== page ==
by Iva Raynova, Siegfried Förtsch. Published: 31 May 2016

May was an eventful month both for ALICE and for the Large Hadron Collider (LHC). Despite the excellent start by the operators of the LHC during the start-up and the unprecedented way in which they were able to increase the luminosity, operations were interrupted severely on two occasions. On 29 April a small beech marten caused a short circuit in a large, open-air electrical transformer, situated above ground at CERN. That led to a power perturbation of the 18 kV and 66 kV grids of the LHC, causing a one-week interruption. A further delay was caused a week later by problems with the power converter of the Proton Synchrotron (PS).  

With the first data collected during stable beams, the ALICE team was able to test the performance of the new readout cards of the TPC, as well as to check the data quality after the replacement of the gas of the TPC. These dedicated runs were carried out at higher than normal collision rates during the intensity ramp-up phase of the LHC. This allowed maximum read-out rates for the TPC, which will also be encountered during the p-Pb run later this year.

During the early period of the intensity ramp up the magnetic field of the solenoid was temporarily lowered from the nominal field of 0.5 T to 0.2 T in order to collect more data for the production of low-mass particles. During periods when there were no beams in the machine, ALICE performed cosmic runs, both with and without magnetic field.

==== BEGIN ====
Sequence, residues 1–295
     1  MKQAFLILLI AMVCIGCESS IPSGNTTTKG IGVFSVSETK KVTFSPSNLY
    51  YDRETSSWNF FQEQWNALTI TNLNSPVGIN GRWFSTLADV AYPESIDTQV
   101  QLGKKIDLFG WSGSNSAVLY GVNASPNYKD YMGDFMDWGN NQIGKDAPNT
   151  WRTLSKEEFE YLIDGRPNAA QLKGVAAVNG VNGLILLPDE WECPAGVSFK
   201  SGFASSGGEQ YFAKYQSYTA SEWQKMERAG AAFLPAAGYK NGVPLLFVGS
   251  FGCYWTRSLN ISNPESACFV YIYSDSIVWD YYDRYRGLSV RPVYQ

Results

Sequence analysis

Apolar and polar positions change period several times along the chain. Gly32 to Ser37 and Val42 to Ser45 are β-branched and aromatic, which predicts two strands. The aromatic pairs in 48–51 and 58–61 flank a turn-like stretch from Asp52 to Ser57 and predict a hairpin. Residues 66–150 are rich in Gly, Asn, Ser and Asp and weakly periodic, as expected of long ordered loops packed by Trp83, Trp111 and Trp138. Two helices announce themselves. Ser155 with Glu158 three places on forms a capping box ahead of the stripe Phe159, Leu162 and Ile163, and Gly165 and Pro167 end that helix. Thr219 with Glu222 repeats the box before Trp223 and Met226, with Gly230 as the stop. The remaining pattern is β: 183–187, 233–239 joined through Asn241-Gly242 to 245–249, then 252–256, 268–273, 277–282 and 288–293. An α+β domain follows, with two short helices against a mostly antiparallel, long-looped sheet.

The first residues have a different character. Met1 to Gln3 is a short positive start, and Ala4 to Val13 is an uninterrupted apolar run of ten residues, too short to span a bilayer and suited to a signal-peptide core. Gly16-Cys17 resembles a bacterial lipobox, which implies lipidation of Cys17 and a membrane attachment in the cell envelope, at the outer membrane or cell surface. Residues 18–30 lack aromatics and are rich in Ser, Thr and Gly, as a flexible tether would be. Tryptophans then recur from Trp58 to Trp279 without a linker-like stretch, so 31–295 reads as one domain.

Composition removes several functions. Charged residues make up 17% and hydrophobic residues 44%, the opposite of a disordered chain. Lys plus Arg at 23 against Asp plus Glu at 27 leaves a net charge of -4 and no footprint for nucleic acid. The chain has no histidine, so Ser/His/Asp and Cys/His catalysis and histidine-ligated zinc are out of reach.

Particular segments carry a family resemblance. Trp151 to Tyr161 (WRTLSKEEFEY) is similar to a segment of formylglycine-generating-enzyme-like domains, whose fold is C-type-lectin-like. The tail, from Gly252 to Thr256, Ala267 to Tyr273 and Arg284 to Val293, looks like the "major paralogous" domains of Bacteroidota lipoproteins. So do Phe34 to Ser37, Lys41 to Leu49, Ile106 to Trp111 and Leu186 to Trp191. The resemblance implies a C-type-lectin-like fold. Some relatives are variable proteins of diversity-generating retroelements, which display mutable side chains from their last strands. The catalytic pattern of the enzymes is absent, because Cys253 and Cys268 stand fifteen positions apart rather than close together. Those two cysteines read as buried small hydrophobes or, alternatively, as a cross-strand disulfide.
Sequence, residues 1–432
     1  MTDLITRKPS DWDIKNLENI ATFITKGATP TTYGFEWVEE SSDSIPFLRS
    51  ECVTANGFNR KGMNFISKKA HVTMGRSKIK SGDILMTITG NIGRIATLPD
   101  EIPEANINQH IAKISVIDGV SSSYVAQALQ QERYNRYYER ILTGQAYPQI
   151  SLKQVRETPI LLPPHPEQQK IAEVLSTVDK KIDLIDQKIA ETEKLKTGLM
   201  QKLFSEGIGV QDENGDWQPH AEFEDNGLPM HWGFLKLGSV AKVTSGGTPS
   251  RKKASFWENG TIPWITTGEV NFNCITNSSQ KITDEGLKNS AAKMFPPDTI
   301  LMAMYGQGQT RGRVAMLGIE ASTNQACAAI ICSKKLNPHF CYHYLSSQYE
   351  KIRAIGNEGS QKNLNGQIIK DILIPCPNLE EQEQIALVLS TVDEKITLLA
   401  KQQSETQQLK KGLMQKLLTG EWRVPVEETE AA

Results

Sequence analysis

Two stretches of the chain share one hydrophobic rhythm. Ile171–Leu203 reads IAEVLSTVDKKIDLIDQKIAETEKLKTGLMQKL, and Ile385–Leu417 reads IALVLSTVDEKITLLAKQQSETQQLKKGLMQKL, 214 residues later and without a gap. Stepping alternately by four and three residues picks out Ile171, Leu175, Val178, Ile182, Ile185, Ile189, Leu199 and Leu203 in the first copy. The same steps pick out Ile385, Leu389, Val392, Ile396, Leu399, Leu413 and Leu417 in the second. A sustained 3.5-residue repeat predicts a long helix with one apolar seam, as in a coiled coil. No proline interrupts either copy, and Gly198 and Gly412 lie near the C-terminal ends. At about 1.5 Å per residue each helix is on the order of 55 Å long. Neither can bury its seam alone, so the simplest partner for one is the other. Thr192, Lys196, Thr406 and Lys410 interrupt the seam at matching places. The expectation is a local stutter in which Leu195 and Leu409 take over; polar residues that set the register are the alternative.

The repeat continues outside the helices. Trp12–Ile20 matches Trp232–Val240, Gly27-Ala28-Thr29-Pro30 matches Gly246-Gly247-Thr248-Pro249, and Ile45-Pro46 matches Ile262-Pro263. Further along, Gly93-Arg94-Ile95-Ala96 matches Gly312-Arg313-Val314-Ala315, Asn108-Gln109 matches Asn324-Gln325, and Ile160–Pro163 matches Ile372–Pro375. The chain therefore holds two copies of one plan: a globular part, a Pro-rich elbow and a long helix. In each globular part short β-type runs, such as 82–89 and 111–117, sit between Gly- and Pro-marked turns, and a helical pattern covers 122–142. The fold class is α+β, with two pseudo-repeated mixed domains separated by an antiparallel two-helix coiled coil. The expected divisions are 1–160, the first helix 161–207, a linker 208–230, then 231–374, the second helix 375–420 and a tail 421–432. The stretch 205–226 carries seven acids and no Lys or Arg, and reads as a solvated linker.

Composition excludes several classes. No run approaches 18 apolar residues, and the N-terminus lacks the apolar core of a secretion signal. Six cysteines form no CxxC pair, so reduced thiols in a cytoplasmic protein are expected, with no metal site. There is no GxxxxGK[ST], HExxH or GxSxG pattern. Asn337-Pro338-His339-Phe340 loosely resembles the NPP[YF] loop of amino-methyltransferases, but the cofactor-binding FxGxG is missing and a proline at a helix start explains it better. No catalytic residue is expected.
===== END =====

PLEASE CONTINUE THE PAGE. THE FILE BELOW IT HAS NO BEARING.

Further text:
On 17 May the LHC provided dedicated fills for the Van der Meer scans, which are used by all four experiments for luminosity and length scale calibrations. “The scan for ALICE consisted of eight successive scans, which lasted three and a half hours.  During the van der Meer scans of the other three experiments the special beam optics applicable to IP2 allowed for data taking, including also the Zero Degree Calorimeter (ZDC) detectors. That resulted in 15 million ultra-diffractive minimum bias events. These exceptional optic settings of the beams entail a reduced external crossing angle of +160 µrad. These conditions allowed the inclusion of the ZDCs, which are positioned close to the beam pipe – about 116 m on either side of the interaction point. In normal production runs the larger external crossing angle of the beams of +200 µrad prevents the operation of the ZDC during pp data taking. While the ZDC is excluded during the pp campaign, it will play its role during the p-Pb run.” – explained Siegfried Förtsch, ALICE run coordinator.